August, 19, 2015

Troubled Corner of Prospect Park Set for Revamp

Last month, we published an interview in which Prospect Park historian Amy Peck talked about being an “accidental” archivist and searching for a time capsule buried in 1966, among other things.

Shortly thereafter, we came across a New York Times article about plans to renovate two elements of the park’s neglected northeast corner: the Vale of Cashmere and the Rose Garden.

The Vale of Cashmere

Vale of Cashmere today

The Vale of Cashmere, 1930. The name was inspired by a Thomas Moore poem. Prospect Park Archives

Vale of Cashmere, 1930

Great names, right?

Just don’t get too close. According to the Times, the two locations are “notorious for drug transactions and sexual activity” that has “scared off local residents.”

That’s about the change.

The Prospect Park Alliance is planning a capital campaign ahead of the park’s 150-year anniversary next year to pay for improvements like refilling the Vale of Cashmere’s sunken reflecting pool, where model sailboats once tacked and jibed. (The name was inspired by a Thomas Moore poem.)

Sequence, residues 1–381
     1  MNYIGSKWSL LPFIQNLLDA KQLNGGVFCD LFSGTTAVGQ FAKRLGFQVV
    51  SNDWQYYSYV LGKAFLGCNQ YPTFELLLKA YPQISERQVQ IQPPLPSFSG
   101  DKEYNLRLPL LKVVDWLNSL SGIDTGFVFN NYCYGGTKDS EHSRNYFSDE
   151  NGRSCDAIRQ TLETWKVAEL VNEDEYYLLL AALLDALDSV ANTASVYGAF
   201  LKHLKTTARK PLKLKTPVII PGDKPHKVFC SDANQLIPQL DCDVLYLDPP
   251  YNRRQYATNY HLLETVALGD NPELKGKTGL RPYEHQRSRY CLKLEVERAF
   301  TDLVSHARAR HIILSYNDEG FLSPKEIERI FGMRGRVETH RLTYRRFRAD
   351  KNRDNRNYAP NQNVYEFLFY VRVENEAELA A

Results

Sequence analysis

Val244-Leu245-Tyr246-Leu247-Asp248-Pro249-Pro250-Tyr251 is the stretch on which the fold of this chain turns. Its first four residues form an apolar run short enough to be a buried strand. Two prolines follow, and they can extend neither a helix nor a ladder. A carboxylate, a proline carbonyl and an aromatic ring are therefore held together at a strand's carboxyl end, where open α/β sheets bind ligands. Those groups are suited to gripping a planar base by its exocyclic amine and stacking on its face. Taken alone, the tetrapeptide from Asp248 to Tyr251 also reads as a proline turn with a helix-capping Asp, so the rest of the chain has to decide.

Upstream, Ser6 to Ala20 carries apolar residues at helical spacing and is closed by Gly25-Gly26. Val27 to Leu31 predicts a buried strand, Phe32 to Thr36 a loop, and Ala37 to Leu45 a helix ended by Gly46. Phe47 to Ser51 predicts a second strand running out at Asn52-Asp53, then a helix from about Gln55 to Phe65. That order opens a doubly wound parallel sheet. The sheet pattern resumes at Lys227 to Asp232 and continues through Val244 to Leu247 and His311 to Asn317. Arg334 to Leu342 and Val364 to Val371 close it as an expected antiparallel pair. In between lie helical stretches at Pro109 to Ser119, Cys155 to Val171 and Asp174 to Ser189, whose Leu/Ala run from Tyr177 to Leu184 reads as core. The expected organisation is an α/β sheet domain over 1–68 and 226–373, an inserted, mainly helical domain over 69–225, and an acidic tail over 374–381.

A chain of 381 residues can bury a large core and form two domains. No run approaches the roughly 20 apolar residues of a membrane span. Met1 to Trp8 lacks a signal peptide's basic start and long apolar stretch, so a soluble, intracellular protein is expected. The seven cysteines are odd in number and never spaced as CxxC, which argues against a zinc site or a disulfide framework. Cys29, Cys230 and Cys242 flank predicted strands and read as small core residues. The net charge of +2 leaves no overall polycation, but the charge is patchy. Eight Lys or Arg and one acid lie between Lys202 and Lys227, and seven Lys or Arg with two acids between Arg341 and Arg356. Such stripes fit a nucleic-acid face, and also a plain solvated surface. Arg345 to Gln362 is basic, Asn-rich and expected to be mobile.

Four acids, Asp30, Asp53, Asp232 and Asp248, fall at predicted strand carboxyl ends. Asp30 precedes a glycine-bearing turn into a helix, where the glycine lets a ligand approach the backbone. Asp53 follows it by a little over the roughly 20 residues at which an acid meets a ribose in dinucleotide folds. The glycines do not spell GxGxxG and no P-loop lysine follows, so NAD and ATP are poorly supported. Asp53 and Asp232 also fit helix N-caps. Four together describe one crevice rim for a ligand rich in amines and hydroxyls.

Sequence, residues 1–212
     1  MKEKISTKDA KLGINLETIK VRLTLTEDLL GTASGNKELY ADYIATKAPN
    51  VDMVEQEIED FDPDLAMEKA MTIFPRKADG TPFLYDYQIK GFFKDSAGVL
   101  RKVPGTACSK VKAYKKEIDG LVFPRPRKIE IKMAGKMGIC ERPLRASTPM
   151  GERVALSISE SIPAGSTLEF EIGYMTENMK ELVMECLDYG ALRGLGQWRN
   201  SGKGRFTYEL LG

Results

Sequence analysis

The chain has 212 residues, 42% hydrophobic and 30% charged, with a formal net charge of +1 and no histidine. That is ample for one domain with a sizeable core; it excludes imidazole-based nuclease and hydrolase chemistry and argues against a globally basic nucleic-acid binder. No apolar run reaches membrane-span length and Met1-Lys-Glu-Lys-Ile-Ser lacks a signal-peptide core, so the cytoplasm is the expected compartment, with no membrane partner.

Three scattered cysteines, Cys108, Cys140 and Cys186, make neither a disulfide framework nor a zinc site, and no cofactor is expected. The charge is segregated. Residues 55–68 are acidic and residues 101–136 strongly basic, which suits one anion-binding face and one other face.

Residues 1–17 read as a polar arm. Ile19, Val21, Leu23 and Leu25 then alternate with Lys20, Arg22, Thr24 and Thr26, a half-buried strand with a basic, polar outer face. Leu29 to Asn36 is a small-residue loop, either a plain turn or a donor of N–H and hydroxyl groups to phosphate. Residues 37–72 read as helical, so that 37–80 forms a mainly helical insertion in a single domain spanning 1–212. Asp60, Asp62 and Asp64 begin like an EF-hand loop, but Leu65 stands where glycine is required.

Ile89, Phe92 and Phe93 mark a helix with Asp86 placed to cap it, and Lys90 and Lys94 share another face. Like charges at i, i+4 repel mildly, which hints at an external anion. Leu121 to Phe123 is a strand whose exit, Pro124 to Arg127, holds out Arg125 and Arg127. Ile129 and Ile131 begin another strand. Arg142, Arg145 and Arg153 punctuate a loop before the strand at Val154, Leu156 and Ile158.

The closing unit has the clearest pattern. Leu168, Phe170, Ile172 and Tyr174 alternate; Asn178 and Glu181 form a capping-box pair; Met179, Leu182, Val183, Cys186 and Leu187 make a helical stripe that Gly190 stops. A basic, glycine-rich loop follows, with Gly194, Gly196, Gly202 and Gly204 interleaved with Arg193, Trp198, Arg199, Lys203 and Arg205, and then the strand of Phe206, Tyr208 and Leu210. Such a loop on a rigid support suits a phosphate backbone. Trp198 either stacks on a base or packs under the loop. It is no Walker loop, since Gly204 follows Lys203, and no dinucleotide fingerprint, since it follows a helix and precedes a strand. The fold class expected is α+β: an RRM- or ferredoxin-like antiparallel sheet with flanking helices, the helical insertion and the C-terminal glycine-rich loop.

The Rose Garden, now rose-less, could become a sculpture garden, amphitheater, or something else entirely, said Sue Donoghue, president of the Prospect Park Alliance, which runs the 585-acre park in Brooklyn.

The Rose Garden

Rose Garden today

The Rose Garden, 1915. Museum of the City of New York

Rose Garden, 1915

Whatever happens, we hope that the renovations will inspire park-goers to rediscover these forgotten nooks and learn more about their history.

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